Welcome to episode 163 of the Final Surge Podcast. Today we welcome Marc Waxman of 113 Enterprises to talk about Chi Running and specifically Chi for high school kids. Chi has an upcoming virtual clinic designed for high school athletes to get the most out of their program.
:58 When did you get involved in running?
3:22 What was the most you had run before you decided to train for that marathon?
5:05 How did the transition to Chi happen?
7:32 How did that lead you to become a coach?
9:16 In what way has Chi had a positive impact?
10:57 What are some of the basic concepts that help prevent injuries?
13:29 You mentioned you used Final Surge and Hanson, how did you get involved with Hanson training?
15:52 Because of the times we are going through right now what are you guys working on to combat that lack of groups?
18:28 So what is the background of the virtual classes for student-athletes?
22:52 Are these plans predesigned training plans?
25:43 Is there anything specific you do with student-athletes vs adult runners?
27:43 Is there a certain type of athlete that could most benefit from Chi training?
29:00 Jay Johnson has a new book coming called Consistency is Key, isn't that what it is all about, training consistently?
29:32 Is this a good program for coaches to teach their athletes?
30:38 When do the classes start?
Welcome to episode 162 of the Final Surge Podcast. Every spring the track world watches as high school boys chase the elusive sub-4 minute mile club. This year with the quarantine lockdown that chase looked more elusive than ever. In late May a group of elite runners got together for the Quarantine Clasico. In that race Leo Daschbach unleashed a 56 second last 400 to become the 11th American high school boy to break 4. We talk to Leo's coach Dave Montgomery about his career and that race.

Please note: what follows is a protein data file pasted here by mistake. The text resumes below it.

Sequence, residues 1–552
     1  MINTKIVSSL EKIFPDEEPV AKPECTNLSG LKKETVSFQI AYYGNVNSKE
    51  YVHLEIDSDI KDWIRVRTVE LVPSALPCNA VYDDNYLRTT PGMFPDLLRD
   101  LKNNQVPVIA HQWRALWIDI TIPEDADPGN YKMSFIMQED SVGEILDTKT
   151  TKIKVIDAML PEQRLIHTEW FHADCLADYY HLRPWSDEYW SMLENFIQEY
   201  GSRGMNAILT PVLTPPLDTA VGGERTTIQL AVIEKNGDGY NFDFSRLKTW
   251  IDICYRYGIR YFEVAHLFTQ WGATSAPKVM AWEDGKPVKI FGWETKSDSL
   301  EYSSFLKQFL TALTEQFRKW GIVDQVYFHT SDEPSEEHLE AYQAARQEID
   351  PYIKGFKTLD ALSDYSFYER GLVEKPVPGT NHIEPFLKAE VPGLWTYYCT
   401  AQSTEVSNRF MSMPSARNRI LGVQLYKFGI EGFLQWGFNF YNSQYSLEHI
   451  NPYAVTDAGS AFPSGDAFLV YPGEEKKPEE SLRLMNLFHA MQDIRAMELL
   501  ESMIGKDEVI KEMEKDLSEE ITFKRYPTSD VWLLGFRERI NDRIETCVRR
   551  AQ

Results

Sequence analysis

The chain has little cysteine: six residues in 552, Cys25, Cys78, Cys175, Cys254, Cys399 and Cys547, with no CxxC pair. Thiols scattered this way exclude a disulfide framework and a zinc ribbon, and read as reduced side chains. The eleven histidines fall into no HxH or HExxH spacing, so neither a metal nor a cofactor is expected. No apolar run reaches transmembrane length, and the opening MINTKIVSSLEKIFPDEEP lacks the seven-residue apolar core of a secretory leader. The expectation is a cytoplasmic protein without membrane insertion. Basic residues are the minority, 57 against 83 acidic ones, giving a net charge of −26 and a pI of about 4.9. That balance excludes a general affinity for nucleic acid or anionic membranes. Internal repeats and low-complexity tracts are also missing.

1:10 How did you get started in running?
3:36 Leo ran a 4:44 1600 which is good for a Freshman, but not what points to a sub-4 miler someday.
5:54 With his interactions with other kids Leo seems like such a good kid
6:42 Did he run before he was a Freshman or just soccer?
8:14 Was it the Sophmore year that you really saw the potential?
11:25 Some kids are great at the 800 and some are great at the 5k, not many have the range he does. Is that something you try to develop?
12:30 He had a great cross country season obviously, was there talk of chasing 4 at the time?
14:00 Where is he committed to college?
15:23 At the point it was clear there was not going to be a season did he ever back off?
17:15 During cross at Desert Twilight he was far enough behind Cole with 600 to go I didn't think he had a shot, but he unleashed a kick that was amazing.
19:14 When did the idea for the Quarantine race come about?
21:33 Pick a week 3-4 weeks out, what did a week of training look like?
23:42 Was 10-miles the typical long run?
24:32 Do you run by time or miles?
25:06 Things looked good going into the race, what was your conversation before the race?
27:14 With 250 left to go he is in a group of 3 of the best runners in the country and he just takes off from the group
28:28 Knowing he finished with a 56.6 do you think he could have gone even faster?
29:07 What do you think his ceiling is when he goes off to college?
30:50 What do you think his race will be in college?
32:34 What is your situation right now, how are you dealing with what is going on?
Welcome to episode 161 of the Final Surge Podcast. This week we do something different. We talk to 5 successful high school coaches from 5 different parts of the country about this summer of uncertainty. We get their advice on how they are dealing with the current environment and not knowing what the upcoming season will be like.